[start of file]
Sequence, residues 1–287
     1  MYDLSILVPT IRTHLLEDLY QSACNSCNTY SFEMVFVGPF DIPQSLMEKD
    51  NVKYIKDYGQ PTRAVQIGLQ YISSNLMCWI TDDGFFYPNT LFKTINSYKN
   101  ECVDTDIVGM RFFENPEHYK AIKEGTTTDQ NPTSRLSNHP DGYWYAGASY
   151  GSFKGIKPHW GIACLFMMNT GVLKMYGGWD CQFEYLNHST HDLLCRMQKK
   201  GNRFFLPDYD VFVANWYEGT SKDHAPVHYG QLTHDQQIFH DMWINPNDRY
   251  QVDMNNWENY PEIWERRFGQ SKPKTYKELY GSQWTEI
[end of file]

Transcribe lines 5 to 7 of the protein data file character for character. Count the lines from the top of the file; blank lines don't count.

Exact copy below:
   151  GSFKGIKPHW GIACLFMMNT GVLKMYGGWD CQFEYLNHST HDLLCRMQKK
   201  GNRFFLPDYD VFVANWYEGT SKDHAPVHYG QLTHDQQIFH DMWINPNDRY
   251  QVDMNNWENY PEIWERRFGQ SKPKTYKELY GSQWTEI